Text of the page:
10 Cane Distillery is an interesting story. The distillery was a project of Moët Hennessy, who actually built a distillery in Trinidad with the goal to produce a premium light rum. They used French pot stills and were distilling cane juice (although I have read some could be juice and molasses blends), which they aged for about a year in ex-cognac casks. Distillation started in 2005 and ended around 2013, when the distillery was closed. It was a financial failure. The remaining rum stock and production moved to Foursquare in Barbados. The brand was done in 2015.

 

I asked Holmes Cay owner Eric Kaye if he had a story to tell about both rums.


“Ten Cane I discovered on my trip to Liverpool (Main Rum Company). I found these barrels sitting in the lower levels of the basement, and they had a couple of different years. The 2012, one of the last years of Trinidad production was incredible. I asked to buy everything they had. They said no, but agreed to sell me 18 barrels. My plan is to release two barrels each year to see how this rum tastes at 10, 11, 12 etc years until it's all gone. I was amazed how, what was a lightly aged cane juice cocktail mixer rum, became an incredibly complex and balanced cask strength beast. Can't wait to revisit next year for the 2012 version.”

 

“As for the Premier Cru, a conversation with one of our retailer partners in Arizona touched on the fact that he didn't think anyone had done a Bordeaux cask Foursquare yet. I checked with Richard Seale, and he said: "Don't work with wine casks. Unless you really know what you're doing, you can contaminate the rum and ruin a great barrel of rum." Idiot I was, I ignored his advice and found a premier cru first growth Bordeaux cask from one of the "big 5" (Château Mouton Rothschild). I flew the freshly dumped barrel from France over to New York, to fill as quickly as possible, lest the barrel go bad. Fortified wine barrels are much easier to work with due to their higher alcohol content. After a year in the barrel, I brought a sample down to Barbados. Richard said: "not bad, but needs another year in the barrel". Relieved that I didn't destroy his amazing rum with a bad barrel, I left it in. After two full years, Richard tried again and said: "pretty good, but I'd still keep it in the barrel for another couple of years." Not having the 40,000 barrel warehouse like some folks, I didn't have the luxury, and released it with 2 full years of aging in the Bordeaux cask. I too think it came out "pretty good".”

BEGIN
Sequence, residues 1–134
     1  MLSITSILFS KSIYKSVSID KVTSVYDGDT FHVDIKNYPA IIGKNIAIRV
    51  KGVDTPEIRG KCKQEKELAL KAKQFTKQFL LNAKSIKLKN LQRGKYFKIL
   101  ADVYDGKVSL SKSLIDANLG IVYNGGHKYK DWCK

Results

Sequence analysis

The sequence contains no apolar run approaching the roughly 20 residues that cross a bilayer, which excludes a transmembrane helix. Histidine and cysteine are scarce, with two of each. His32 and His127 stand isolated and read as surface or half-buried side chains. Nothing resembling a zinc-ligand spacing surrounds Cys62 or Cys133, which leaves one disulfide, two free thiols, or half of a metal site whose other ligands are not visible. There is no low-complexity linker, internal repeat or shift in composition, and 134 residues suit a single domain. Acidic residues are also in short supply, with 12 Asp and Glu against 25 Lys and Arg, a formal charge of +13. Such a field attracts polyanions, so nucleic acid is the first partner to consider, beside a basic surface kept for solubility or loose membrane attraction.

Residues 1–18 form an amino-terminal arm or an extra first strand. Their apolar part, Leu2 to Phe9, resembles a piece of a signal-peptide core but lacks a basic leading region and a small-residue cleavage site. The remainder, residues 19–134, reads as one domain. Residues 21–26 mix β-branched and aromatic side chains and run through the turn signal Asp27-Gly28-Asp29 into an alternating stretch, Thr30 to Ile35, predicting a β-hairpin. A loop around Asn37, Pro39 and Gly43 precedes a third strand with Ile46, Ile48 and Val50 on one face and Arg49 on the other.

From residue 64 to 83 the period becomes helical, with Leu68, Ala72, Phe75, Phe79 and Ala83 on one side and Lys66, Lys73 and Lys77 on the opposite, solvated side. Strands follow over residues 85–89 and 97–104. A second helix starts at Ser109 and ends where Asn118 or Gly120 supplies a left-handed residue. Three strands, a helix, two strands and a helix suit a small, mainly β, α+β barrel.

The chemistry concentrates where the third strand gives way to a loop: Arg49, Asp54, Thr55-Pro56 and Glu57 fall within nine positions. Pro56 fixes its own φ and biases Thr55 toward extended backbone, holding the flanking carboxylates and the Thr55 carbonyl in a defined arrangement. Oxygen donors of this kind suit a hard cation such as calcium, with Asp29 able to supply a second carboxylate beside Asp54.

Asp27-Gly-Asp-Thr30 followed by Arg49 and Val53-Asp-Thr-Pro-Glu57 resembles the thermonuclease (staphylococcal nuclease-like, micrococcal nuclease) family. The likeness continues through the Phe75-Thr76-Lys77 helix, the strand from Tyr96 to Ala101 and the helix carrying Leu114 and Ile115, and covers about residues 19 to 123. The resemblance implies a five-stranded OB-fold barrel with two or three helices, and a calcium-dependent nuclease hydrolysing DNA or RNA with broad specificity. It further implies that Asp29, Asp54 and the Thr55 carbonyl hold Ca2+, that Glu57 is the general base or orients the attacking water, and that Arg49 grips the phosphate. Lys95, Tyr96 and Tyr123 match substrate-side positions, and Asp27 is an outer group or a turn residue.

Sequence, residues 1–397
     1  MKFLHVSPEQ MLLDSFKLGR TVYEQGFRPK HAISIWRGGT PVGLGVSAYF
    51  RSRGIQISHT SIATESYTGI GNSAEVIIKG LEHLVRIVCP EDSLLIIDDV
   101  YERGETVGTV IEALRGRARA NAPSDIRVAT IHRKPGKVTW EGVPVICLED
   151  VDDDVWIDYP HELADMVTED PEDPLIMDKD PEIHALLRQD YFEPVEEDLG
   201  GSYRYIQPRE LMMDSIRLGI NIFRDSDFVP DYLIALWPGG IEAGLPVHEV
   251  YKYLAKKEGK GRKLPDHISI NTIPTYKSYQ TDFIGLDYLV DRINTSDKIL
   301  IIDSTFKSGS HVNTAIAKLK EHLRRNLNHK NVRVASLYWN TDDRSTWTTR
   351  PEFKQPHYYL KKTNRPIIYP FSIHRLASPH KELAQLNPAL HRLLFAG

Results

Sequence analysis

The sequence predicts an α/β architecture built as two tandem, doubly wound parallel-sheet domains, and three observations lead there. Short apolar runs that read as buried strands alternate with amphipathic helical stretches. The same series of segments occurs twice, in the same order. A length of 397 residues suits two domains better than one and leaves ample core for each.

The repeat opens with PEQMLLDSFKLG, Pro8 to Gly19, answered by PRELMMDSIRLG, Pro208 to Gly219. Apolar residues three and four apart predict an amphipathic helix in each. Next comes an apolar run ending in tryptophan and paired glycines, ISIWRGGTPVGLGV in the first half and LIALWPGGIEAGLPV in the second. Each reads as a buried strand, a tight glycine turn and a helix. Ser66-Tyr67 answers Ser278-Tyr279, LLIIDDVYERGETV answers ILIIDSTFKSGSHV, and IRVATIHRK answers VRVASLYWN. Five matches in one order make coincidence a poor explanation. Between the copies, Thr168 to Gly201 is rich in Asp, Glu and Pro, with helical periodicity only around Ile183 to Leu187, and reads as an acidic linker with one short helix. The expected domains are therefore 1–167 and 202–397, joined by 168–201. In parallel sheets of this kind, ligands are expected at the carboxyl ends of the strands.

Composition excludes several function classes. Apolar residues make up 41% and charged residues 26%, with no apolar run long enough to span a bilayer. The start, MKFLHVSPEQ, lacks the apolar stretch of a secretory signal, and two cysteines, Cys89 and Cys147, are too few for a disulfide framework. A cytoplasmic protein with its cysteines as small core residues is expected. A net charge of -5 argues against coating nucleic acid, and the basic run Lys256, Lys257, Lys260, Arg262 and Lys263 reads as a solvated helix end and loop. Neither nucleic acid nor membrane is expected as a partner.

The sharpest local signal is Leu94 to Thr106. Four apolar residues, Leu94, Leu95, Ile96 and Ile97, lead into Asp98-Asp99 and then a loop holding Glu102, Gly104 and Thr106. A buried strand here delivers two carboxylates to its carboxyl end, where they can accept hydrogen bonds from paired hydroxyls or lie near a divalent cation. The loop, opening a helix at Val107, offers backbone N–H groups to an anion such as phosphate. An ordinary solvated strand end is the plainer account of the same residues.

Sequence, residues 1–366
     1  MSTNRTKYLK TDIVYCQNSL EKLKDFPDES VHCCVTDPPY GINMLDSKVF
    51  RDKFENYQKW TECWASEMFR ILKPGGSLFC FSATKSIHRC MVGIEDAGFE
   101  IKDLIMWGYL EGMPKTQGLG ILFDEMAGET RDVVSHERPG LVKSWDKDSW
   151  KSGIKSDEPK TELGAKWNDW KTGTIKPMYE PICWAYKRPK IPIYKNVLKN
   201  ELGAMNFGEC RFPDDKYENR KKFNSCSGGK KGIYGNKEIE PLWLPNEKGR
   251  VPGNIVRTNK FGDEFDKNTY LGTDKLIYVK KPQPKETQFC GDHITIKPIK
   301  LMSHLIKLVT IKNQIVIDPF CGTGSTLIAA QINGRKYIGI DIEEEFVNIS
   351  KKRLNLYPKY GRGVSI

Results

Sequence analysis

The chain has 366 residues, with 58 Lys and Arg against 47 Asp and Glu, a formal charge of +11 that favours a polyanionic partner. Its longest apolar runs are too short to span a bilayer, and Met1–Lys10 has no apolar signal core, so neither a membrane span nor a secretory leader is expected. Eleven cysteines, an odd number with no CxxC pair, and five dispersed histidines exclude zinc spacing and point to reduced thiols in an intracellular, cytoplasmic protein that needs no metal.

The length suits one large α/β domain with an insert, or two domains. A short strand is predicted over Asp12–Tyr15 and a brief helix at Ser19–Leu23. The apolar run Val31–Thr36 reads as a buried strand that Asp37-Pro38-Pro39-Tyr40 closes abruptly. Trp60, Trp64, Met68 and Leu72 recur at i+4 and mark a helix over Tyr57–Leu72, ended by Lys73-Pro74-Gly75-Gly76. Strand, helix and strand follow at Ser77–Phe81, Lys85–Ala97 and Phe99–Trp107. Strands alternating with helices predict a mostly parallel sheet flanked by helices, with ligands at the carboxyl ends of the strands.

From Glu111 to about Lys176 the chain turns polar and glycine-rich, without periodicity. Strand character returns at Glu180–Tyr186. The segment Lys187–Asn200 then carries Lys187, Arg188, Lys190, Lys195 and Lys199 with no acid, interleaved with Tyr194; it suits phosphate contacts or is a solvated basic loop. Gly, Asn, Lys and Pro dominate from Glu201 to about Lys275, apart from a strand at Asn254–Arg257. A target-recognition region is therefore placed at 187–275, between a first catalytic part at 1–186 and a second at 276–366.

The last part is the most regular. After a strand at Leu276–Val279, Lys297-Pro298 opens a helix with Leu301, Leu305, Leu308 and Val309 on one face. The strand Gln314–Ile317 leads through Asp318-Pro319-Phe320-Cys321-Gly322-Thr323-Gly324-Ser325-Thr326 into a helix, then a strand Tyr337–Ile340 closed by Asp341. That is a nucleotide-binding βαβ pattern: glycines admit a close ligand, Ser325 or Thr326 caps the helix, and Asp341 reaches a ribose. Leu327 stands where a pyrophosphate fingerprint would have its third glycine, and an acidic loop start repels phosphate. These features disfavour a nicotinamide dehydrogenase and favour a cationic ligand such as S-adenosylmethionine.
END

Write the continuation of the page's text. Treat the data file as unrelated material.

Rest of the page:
The Cast


Holmes Cay Trinidad 2012 has spent four years in the tropics (has to be a combination of Trinidad and Barbados in this case) and was then sold to Main Rum Company in the UK. The rum was transferred to an ex-rum cask and remained in the UK for 5 years. Holmes Cay bought and transported the barrel to New York where it was aged for another 2 years. Total of 11 years, bottled at cask strength of 59%.